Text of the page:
[on why he loves "The Daily Show with Jon Stewart" (1996)]: It saves me from sitting at home in my underwear screaming at the television set. If I didn't do this show I'd be the crazy guy at the bar sitting at the corner screaming "He doesn't know shit about what he's talking about!" That's the reason I do it. [January, 2003].
I think people are used to people in show business having a lot of hubris. I think I have a normal amount of self-loathing but because I'm in show business it's considered self-deprecation. In normal life I would just be considered your average neurotic. [January, 2003].
[on the role of "The Daily Show with Jon Stewart" (1996)]: When we spot silliness, we say so out loud. We're not really Democrat or Republican. We're out to stop that political trend of repeating things again and again until people are forced to believe them.
I see myself as a driving force for global peace. Since we ["The Daily Show with Jon Stewart" (1996)] have been on CNNI [CNN International], the border between India and Pakistan has been stood down from red alert. Coincidence? We're bringing healing to the international community. [March, 2003].
[on his role in "The Daily Show with Jon Stewart" (1996)]: Liberal and conservative have lost their meaning in America. I represent the distracted center. [March 2003].
[of his position at "The Daily Show with Jon Stewart" (1996)]: I mostly work on writing the show. We have a talented crew of writers and I'm like the managing editor. I am the fake Lou Grant of the fake news world. [February 2003].
[on the attitude of "The Daily Show with Jon Stewart" (1996), referring to a role played by Dan Aykroyd on "Saturday Night Live" (1975), September 30, 2002]: We have always embraced stupidity. We have always worshipped at the altar of a man bent over with his butt crack exposed, fixing a refrigerator.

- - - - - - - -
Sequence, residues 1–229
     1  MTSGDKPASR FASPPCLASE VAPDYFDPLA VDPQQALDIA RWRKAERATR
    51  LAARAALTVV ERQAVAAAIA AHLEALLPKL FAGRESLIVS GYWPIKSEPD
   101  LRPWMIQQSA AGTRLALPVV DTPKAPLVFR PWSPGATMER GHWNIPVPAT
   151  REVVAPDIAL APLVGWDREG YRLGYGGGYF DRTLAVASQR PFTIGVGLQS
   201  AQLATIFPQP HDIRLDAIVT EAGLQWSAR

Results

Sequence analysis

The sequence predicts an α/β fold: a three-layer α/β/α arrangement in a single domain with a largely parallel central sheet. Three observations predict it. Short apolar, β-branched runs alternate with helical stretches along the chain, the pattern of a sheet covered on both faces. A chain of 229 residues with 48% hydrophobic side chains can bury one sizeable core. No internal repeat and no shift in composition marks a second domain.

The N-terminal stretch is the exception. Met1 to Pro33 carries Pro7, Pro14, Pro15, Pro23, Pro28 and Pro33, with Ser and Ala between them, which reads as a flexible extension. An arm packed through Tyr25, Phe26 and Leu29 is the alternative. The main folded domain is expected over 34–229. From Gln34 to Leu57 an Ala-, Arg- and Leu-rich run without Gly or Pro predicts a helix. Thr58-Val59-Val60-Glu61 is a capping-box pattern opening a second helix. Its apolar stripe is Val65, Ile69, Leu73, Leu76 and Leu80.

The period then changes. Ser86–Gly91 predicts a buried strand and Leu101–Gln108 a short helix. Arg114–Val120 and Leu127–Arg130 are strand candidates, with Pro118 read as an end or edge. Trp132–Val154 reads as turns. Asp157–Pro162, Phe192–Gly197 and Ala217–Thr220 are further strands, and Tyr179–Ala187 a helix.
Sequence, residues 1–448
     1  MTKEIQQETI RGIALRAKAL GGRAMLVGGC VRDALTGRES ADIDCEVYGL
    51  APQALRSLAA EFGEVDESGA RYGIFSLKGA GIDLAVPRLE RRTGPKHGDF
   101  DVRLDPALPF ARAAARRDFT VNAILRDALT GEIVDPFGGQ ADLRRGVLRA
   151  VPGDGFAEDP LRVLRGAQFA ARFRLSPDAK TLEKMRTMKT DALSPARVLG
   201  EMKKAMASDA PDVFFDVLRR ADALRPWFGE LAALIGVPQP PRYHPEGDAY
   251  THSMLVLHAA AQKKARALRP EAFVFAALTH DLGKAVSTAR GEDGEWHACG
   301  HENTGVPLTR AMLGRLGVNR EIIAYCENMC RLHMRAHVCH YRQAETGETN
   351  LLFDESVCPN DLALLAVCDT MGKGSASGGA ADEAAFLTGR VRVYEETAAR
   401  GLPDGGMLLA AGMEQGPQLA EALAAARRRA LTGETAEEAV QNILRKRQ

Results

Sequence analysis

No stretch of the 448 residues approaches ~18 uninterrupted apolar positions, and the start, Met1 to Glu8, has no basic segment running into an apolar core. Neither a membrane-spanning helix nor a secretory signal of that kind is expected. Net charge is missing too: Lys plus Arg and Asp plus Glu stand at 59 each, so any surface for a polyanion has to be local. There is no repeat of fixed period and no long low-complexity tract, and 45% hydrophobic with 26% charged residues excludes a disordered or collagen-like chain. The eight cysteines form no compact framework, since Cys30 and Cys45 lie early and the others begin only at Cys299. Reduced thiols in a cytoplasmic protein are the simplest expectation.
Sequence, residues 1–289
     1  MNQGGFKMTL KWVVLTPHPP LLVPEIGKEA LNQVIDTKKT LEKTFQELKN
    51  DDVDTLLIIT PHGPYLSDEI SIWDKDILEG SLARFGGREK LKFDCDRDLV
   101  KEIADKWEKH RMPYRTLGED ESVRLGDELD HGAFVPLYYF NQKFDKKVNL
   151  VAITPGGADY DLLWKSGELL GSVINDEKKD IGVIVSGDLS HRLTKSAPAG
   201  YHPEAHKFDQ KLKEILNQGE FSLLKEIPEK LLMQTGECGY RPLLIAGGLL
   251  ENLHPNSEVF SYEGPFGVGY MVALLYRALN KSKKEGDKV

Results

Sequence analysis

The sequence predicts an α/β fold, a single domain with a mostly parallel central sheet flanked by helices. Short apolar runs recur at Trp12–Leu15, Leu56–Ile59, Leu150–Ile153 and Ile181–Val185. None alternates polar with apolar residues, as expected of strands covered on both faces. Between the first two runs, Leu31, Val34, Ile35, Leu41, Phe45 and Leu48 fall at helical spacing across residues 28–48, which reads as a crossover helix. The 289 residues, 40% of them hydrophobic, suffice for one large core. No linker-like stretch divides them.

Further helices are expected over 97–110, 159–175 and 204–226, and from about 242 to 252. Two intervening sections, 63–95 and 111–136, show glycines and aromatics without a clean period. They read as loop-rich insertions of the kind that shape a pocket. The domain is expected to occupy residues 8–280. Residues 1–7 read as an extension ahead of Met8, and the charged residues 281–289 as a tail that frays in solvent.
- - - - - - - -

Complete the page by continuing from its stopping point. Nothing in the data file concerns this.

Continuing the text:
[about "The Daily Show with Jon Stewart" (1996)]: That's the beauty of our show. Comedy or politics. We're sort of a mix. A space age polymer of both. A synthetic comedy-like material.
I was born in New York City, but I was raised in New Jersey, part of the great Jewish emigration of 1963. [7 Nov. 2002].
[on being picked to host the 78th Annual Academy Awards]: As a performer, I'm truly honored to be hosting the show. Although, as an avid watcher of the Oscars, I can't help but be a little disappointed with the choice. It appears to be another sad attempt to smoke out Billy Crystal.
[on Tucker Carlson and his show]: You may have heard that I went onto a TV show on CNN called "Crossfire" (1982), which I suppose is a debate show named after the stray bullets that strike and kill innocent bystanders during a gang fight. I said some pretty nasty things, most notably that their show was destroying America, and that he was a dick. He replied to me by saying, "You're not being funny." I then said, "I know that, but on Monday I will go back to being funny, and your show will still blow."
I'm thrilled to be asked to host the Academy Awards for the second time because, as they say, the third time's a charm.
What's nice to us about the relentlessness of the show ["The Daily Show with Jon Stewart" (1996)] is you know you're going to get that release no matter what, every night, Monday through Thursday. Like pizza, it may not be the best pizza you've ever had, but it's still pizza, man, and you get to have it every night. It's a wonderful feeling to have this toxin in your body in the morning, that little cup of sadness, and feel by 7 or 7:30 that night, you've released it in sweat equity and can move on to the next day.
[I'm looking forward to the end of the George W. Bush administration] as a comedian, as a person, as a citizen, as a mammal.
When in doubt, I can stare blankly. The rubber face. There's only so many ways you can stare incredulously at the camera and tilt an eyebrow, but that's your old standby: What would Buster Keaton do?
[What we're always looking for are] those types of stories that can, almost like the guy in The Green Mile (1999) - suck in all the toxins and allow you to do something with it that is palatable.
Hopefully the process is to spot things that would be grist for the funny mill. In some respects, the heavier subjects are the ones that are most loaded with opportunity because they have the most - you know, the difference between potential and kinetic energy? - they have the most potential energy, so to delve into that gives you the largest combustion, the most interest. I don't mean for the audience. I mean for us. Everyone here is working too hard to do stuff we don't care about.